The steadfast and sturdy Continental Op has been summoned to the town of Personville—known as Poisonville—a dusty mining community splintered by competing factions of gangsters and petty criminals. The Op has been hired by Donald Willsson, publisher of the local newspaper, who gave little indication about the reason for the visit. No sooner does the Op arrive, than the body count begins to climb . . . starting with his client. With this last honest citizen of Poisonville murdered, the Op decides to stay on and force a reckoning—even if that means taking on an entire town.
Red Harvest is more than a superb crime novel: it is a classic exploration of corruption and violence in the American grain.
Dashiell Samuel Hammett was born in St. Mary’s County, Maryland. He grew up in Philadelphia and Baltimore. Hammett left school at the age of fourteen and held several kinds of jobs thereafter—messenger boy, newsboy, clerk, operator, and stevedore, finally becoming an operative for Pinkerton’s Detective Agency. Sleuthing suited young Hammett, but World War I intervened, interrupting his work and injuring his health. When Sergeant Hammett was discharged from the last of several hospitals, he resumed detective work. He soon turned to writing, and in the late 1920s Hammett became the unquestioned master of detective-story fiction in America. In The Maltese Falcon (1930) he first introduced his famous private eye, Sam Spade. The Thin Man (1932) offered another immortal sleuth, Nick Charles. Red Harvest (1929), The Dain Curse (1929), and The Glass Key (1931) are among his most successful novels. During World War II, Hammett again served as sergeant in the Army, this time for more than two years, most of which he spent in the Aleutians. Hammett’s later life was marked in part by ill health, alcoholism, a period of imprisonment related to his alleged membership in the Communist Party, and by his long-time companion, the author Lillian Hellman, with whom he had a very volatile relationship. His attempt at autobiographical fiction survives in the story “Tulip,” which is contained in the posthumous collection The Big Knockover (1966, edited by Lillian Hellman). Another volume of his stories, The Continental Op (1974, edited by Stephen Marcus), introduced the final Hammett character: the “Op,” a nameless detective (or “operative”) who displays little of his personality, making him a classic tough guy in the hard-boiled mold—a bit like Hammett himself.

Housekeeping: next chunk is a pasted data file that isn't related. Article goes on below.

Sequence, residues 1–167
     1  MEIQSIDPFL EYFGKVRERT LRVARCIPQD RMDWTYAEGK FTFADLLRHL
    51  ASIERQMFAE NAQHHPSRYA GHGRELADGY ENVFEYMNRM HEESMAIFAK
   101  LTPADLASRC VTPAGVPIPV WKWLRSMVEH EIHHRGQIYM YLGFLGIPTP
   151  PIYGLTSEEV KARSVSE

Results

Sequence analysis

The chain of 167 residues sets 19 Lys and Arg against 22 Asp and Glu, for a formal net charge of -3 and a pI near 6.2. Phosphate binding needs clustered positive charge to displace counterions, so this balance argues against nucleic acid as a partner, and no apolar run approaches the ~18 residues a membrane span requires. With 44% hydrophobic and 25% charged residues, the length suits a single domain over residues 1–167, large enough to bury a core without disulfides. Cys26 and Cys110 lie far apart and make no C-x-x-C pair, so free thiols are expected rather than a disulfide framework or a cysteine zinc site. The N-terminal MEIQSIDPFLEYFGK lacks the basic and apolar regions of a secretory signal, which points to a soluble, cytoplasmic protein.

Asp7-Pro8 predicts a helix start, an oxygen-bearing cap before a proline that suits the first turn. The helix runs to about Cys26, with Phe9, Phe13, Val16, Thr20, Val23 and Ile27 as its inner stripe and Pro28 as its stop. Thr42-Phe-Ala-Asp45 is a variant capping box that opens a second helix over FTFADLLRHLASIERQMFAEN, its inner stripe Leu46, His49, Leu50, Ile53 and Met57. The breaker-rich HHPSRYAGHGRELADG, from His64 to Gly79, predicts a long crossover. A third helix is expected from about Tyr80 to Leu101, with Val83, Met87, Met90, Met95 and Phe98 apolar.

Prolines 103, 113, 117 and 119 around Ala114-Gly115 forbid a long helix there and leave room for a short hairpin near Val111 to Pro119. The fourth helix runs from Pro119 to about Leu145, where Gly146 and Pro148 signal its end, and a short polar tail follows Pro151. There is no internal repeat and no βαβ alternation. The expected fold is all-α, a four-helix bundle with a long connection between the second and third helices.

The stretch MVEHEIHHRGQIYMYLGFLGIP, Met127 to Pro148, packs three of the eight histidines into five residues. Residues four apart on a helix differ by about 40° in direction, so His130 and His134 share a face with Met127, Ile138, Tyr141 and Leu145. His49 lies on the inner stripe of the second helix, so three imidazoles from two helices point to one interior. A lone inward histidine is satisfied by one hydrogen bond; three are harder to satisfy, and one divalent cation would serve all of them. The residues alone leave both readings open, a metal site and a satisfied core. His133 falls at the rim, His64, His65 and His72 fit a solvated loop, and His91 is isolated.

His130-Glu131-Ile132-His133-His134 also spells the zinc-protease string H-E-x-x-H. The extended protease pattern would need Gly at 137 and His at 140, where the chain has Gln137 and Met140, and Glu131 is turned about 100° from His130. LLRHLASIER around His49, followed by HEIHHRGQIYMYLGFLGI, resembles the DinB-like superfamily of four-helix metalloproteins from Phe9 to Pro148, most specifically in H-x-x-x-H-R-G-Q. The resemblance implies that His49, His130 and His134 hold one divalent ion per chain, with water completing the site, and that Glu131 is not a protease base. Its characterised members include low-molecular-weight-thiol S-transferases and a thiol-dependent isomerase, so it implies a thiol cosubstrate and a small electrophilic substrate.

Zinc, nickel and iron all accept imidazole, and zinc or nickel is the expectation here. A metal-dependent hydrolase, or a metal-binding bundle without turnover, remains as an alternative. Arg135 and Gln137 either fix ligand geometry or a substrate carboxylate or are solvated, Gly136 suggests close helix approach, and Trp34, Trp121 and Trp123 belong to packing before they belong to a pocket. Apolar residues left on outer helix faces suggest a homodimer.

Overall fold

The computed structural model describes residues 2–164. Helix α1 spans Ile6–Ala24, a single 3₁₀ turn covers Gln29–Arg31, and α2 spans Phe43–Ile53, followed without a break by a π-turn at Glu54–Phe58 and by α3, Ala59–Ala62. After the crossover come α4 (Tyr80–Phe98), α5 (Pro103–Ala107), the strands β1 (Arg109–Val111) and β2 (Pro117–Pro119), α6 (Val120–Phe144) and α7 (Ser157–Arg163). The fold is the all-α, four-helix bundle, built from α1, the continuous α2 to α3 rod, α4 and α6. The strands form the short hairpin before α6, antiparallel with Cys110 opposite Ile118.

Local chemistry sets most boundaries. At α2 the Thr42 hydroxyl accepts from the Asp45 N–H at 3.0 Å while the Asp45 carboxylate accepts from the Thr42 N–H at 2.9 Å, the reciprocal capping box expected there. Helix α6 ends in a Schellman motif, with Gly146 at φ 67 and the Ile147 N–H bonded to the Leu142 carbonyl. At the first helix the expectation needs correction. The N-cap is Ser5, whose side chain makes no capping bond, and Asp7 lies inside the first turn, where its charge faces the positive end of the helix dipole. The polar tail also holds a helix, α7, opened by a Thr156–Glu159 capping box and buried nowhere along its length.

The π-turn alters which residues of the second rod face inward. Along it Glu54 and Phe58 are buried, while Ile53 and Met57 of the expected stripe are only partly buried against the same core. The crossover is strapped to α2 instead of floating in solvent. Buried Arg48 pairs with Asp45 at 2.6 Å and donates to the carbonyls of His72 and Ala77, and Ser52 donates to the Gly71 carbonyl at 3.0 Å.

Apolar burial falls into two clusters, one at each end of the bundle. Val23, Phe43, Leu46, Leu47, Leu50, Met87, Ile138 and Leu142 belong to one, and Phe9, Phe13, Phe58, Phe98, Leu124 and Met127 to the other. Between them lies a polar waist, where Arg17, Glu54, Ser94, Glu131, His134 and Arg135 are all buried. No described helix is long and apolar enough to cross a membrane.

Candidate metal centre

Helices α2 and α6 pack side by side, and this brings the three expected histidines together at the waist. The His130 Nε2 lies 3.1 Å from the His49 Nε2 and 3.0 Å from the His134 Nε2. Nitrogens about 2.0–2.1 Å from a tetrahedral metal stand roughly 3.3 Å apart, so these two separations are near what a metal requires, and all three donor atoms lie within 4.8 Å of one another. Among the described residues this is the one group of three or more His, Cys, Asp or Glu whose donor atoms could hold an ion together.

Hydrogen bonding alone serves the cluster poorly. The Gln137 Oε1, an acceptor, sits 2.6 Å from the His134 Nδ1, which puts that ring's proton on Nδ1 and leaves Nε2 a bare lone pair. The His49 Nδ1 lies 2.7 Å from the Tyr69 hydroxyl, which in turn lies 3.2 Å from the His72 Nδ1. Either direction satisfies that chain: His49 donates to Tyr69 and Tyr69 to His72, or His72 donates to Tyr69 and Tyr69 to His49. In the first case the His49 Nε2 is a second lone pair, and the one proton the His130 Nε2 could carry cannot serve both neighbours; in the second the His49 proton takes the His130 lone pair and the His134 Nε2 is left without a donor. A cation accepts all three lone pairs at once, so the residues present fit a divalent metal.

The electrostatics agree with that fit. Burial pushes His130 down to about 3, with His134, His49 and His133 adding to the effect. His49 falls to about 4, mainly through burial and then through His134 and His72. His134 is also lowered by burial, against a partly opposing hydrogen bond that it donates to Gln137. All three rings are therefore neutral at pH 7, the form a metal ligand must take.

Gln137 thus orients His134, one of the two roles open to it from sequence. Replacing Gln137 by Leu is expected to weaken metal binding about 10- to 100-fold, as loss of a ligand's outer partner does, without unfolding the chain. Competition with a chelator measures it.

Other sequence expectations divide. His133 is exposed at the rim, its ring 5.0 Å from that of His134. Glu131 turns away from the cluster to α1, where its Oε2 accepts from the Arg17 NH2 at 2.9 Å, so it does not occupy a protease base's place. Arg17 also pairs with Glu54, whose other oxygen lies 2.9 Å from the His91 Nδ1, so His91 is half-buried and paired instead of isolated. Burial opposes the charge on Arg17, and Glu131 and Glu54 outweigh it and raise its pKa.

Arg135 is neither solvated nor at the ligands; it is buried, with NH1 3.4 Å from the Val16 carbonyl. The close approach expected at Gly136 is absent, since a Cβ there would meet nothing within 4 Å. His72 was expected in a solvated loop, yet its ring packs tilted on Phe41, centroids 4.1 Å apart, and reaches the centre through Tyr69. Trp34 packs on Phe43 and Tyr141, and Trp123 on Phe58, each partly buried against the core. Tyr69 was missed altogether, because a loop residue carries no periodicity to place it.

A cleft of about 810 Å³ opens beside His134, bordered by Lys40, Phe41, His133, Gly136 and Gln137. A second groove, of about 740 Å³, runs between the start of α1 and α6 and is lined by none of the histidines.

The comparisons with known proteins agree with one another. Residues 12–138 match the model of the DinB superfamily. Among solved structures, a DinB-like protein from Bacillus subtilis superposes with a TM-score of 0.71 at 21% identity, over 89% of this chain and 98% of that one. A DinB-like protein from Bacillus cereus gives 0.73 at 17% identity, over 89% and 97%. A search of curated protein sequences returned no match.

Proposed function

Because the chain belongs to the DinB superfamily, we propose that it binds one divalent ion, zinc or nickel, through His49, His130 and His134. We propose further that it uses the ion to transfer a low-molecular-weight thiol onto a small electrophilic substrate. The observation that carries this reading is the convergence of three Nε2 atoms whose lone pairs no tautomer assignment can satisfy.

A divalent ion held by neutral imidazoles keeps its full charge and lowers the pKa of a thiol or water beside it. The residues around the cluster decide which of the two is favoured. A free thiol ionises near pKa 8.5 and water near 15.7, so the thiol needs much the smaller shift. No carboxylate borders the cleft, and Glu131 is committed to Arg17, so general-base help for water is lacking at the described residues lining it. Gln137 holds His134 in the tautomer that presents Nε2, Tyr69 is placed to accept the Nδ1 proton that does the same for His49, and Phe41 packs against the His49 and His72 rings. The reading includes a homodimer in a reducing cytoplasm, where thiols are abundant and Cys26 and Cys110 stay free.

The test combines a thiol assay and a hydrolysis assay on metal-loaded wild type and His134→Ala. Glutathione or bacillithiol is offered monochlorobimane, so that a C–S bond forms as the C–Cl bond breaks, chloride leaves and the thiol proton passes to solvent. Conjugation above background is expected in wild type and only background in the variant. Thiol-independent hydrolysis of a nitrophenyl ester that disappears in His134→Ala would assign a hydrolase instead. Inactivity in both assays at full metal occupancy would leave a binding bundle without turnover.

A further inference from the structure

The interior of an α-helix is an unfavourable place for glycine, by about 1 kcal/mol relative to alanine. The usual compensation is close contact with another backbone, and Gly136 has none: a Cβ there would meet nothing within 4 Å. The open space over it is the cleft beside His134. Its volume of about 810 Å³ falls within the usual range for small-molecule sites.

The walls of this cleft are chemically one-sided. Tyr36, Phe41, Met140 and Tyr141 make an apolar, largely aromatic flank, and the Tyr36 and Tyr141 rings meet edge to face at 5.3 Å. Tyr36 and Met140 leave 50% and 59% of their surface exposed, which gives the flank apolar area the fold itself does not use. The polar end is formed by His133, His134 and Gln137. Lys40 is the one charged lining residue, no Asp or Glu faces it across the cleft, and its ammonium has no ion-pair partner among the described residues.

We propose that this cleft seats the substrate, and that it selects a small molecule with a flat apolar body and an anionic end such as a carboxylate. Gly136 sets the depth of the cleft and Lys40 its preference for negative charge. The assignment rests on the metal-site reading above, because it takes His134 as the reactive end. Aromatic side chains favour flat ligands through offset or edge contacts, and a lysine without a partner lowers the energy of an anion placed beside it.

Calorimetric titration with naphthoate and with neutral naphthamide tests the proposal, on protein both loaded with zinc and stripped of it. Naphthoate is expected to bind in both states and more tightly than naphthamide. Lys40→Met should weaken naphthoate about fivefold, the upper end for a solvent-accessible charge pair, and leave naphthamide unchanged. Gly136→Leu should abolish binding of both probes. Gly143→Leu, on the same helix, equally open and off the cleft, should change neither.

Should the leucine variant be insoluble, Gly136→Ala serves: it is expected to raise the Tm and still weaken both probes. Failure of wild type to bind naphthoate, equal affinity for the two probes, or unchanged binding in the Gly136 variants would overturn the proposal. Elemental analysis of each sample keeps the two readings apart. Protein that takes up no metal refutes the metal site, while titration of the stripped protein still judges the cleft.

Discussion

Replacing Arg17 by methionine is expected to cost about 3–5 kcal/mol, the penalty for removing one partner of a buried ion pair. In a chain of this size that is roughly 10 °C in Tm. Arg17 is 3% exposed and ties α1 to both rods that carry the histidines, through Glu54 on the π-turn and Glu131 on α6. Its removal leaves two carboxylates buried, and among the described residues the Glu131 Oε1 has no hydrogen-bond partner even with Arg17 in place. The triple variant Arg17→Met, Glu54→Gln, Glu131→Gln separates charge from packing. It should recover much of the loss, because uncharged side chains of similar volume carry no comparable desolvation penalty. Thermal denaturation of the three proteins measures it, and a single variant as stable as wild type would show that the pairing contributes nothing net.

"An acknowledged literary landmark." --NY Times Book Review.
"Dashiell Hammett is an original. He is a master of the detective novel, yes, but also one hell of a writer." -- Boston Globe
"Hammett's prose [is] clean and entirely unique. His characters [are] as sharply and economically defined as any in American fiction."
--The New York Times